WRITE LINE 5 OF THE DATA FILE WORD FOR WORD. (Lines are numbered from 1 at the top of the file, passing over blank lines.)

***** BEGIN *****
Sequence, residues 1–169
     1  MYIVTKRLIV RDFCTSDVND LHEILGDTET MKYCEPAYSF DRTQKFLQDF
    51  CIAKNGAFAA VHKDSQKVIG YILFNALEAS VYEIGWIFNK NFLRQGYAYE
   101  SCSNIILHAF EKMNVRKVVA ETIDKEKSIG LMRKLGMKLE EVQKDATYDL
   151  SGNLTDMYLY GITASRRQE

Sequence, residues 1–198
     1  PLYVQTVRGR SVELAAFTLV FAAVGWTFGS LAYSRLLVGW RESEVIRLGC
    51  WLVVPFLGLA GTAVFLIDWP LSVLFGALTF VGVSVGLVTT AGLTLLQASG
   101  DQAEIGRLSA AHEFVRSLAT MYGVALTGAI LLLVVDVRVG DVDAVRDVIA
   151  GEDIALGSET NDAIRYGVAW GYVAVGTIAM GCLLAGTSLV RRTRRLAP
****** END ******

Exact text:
   151  SGNLTDMYLY GITASRRQE